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Reports on Progress in Physics

Luca Baiotti, Luciano Rezzolla
The merger of binary neutron-stars systems combines in a single process: extreme gravity, copious emission of gravitational waves, complex microphysics, and electromagnetic processes that can lead to astrophysical signatures observable at the largest redshifts. We review here the recent progress in understanding what could be considered Einstein's richest laboratory, highlighting in particular the numerous significant advances of the last decade. Although special attention is paid to the status of models, techniques, and results for fully general-relativistic dynamical simulations, a review is also offered on initial data and advanced simulations with approximate treatments of gravity...
March 20, 2017: Reports on Progress in Physics
Vincent Hakim, Pascal Silberzan
Cells have traditionally been viewed either as independently moving entities or as somewhat static parts of tissues. However, it is now clear that in many cases, multiple cells coordinate their motions and move as collective entities. Well-studied examples comprise development events, as well as physiological and pathological situations. Different ex vivo model systems have also been investigated. Several recent advances have taken place at the interface between biology and physics and have benefitted from the progress in imaging and microscopy, the use of microfabrication techniques, as well as the introduction of quantitative tools and models...
March 10, 2017: Reports on Progress in Physics
Hua-Xing Chen, Wei Chen, Xiang Liu, Yan-Rui Liu, Shi-Lin Zhu
Since the discovery of the first charmed meson in 1976, many open-charm and open-bottom hadrons were observed. In 2003 two narrow charm-strange states $D_{s0}^*(2317)$ and $D_{s1}(2460)$ were discovered by the BaBar and CLEO Collaborations, respectively. After that, more excited heavy hadrons were reported. In this work, we review the experimental and theoretical progress in this field.
March 2, 2017: Reports on Progress in Physics
David McGloin
It is perhaps surprising that something as fragile as a microscopic droplet could possibly form a laser. In this article we will review some of the underpinning physics as to how this might be possible, and then examine the state of the art in the field. The technology to create and manipulate droplets will be examined, as will the different classes of droplet lasers. We will discuss the rapidly developing field of droplet biolasers and explore how droplet lasers could give rise to new bio and chemical sensing and analysis...
February 20, 2017: Reports on Progress in Physics
Laura H Greene, Joe Thompson, Jörg Schmalian
No abstract text is available yet for this article.
February 10, 2017: Reports on Progress in Physics
Wei Wang, Ming Tang, H Eugene Stanley, Lidia A Braunstein
Models of epidemic spreading on complex networks have attracted great attention among researchers in physics, mathematics, and epidemiology due to their success in predicting and controlling scenarios of epidemic spreading in real-world scenarios. To understand the interplay between epidemic spreading and the topology of a contact network, several outstanding theoretical approaches have been developed. An accurate theoretical approach describing the spreading dynamics must take both the network topology and dynamical correlations into consideration at the expense of increasing the complexity of the equations...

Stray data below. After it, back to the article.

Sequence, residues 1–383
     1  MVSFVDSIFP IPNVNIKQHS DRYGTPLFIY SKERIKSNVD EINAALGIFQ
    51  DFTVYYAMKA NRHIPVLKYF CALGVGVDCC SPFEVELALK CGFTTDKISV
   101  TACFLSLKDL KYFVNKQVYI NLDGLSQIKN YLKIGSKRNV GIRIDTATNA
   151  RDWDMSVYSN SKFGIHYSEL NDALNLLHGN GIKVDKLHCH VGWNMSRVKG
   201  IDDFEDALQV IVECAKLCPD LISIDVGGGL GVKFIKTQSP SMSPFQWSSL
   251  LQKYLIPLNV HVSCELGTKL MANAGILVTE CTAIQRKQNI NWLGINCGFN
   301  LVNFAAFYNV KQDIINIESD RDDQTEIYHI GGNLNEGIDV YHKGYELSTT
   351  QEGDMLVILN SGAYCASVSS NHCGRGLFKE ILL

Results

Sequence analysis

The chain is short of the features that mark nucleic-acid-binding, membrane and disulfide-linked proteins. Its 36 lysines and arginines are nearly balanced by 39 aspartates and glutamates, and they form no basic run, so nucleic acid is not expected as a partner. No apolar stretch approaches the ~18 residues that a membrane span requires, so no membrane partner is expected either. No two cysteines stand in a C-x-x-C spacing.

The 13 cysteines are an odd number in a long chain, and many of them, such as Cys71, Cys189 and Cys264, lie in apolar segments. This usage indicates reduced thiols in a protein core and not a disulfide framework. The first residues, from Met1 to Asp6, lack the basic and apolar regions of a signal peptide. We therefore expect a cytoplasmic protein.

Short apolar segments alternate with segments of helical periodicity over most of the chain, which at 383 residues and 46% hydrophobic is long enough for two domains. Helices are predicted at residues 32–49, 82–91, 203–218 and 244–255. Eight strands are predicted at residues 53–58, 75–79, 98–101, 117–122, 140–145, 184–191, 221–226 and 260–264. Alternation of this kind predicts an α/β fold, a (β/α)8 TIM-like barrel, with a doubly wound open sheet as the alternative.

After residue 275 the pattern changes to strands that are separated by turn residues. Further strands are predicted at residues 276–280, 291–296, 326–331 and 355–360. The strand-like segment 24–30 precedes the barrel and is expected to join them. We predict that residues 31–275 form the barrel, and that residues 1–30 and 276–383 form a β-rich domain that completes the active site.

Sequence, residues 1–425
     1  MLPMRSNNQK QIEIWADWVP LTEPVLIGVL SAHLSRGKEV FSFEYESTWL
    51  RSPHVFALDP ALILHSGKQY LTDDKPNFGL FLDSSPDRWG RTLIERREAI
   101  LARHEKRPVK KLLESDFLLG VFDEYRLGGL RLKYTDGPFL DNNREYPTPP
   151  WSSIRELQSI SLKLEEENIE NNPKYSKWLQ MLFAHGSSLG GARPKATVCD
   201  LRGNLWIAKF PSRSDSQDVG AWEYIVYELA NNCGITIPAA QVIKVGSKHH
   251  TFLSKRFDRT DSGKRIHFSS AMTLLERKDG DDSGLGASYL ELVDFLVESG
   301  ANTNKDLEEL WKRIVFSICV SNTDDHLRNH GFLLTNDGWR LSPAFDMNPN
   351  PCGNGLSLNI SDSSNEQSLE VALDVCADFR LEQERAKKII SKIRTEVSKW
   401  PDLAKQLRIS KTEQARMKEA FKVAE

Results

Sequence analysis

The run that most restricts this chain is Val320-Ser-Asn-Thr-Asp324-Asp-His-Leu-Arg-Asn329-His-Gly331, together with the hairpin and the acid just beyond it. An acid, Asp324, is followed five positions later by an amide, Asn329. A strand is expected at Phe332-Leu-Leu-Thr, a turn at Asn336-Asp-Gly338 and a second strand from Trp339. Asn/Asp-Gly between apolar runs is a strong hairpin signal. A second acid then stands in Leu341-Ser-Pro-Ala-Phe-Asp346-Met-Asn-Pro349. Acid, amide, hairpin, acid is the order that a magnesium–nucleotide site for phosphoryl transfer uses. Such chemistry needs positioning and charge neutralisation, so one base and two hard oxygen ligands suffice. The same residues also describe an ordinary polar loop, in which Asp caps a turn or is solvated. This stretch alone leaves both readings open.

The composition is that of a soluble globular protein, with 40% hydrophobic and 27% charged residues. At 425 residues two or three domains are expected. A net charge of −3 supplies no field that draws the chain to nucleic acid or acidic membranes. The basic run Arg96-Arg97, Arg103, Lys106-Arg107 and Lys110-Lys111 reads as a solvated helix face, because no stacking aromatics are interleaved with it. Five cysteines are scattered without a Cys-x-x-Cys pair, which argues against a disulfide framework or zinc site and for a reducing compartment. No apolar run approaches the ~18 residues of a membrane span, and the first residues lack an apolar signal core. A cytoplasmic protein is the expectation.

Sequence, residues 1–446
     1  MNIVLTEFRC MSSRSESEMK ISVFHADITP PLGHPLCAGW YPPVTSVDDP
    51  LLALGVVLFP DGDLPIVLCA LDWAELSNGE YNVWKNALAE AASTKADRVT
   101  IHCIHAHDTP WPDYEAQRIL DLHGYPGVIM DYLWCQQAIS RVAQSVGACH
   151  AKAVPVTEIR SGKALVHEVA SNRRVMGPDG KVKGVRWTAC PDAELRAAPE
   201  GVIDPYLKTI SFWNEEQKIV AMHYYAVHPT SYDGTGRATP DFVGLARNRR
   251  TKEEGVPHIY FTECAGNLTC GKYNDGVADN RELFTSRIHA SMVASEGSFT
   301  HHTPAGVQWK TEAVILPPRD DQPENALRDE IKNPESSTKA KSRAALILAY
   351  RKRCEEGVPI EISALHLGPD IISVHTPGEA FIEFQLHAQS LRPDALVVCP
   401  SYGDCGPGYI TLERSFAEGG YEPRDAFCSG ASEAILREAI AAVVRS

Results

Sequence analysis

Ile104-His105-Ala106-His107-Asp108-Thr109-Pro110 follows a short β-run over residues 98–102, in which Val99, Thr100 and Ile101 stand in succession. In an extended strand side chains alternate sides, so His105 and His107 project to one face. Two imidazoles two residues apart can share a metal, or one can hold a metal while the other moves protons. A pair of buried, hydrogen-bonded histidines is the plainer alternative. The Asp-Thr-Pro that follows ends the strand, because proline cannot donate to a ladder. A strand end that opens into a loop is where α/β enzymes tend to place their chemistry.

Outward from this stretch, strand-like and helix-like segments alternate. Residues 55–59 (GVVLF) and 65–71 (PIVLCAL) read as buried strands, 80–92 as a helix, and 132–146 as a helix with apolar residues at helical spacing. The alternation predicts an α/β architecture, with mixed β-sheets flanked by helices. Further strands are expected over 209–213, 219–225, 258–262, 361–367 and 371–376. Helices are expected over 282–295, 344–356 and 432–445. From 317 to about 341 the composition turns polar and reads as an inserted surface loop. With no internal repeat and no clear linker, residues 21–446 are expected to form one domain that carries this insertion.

February 8, 2017: Reports on Progress in Physics
Francesco Monticone, Andrea Alù
The field of metamaterials has opened landscapes of possibilities in basic science, and a paradigm shift in the way we think about and design emergent material properties. In many scenarios, metamaterial concepts have helped overcome long-held scientific challenges, such as the absence of optical magnetism and the limits imposed by diffraction in optical imaging. As the potential of metamaterials, as well as their limitations, become clearer, these advances in basic science have started to make an impact on several applications in different areas, with far-reaching implications for many scientific and engineering fields...
February 6, 2017: Reports on Progress in Physics
Satoshi Nakamura, Hiroyuki Kamano, Yoshinari Hayato, Masanori Hirai, Wataru Horiuchi, Shunzo Kumano, Tomoya Murata, Koichi Saito, Makoto Sakuda, Toru Sato, Yasuyuki Suzuki
A precise description of neutrino-nucleus reactions will play a key role in addressing fundamental questions such as the leptonic CP violation and the neutrino mass hierarchy through analyzing data from next-generation neutrino oscillation experiments. The neutrino energy relevant to the neutrino-nucleus reactions spans a broad range and, accordingly, the dominant reaction mechanism varies across the energy region from quasi-elastic scattering through nucleon resonance excitations to deep inelastic scattering...
February 6, 2017: Reports on Progress in Physics
Yue Zheng, W J Chen
Topological defects in condense matters are gathering intensive attention due to their important roles in phase transition and fascinating characteristics. Among the various matters, ferroics which possess a switchable physical characteristic and form domain structures, are ideal systems to form topological defects. In particular, a special class of topological defects-vortices-have been found exist commonly in ferroics. They often manifest themselves as singular regions where domains merge in large systems, or stabilize as novel order states instead of forming domain structures in small enough systems...
February 3, 2017: Reports on Progress in Physics
Aleksander Stanislavsky, Karina Weron
The paper is devoted to recent advances in stochastic modeling of anomalous kinetic processes observed in dielectric materials which are prominent examples of disordered (complex) systems. Theoretical studies of dynamical properties of 'structures with variations' (Goldenfield and Kadanoff 1999 Science 284 87-9) require application of such mathematical tools-by means of which their random nature can be analyzed and, independently of the details distinguishing various systems (dipolar materials, glasses, semiconductors, liquid crystals, polymers, etc), the empirical universal kinetic patterns can be derived...
February 3, 2017: Reports on Progress in Physics
A Lohrmann, B C Johnson, J C McCallum, S Castelletto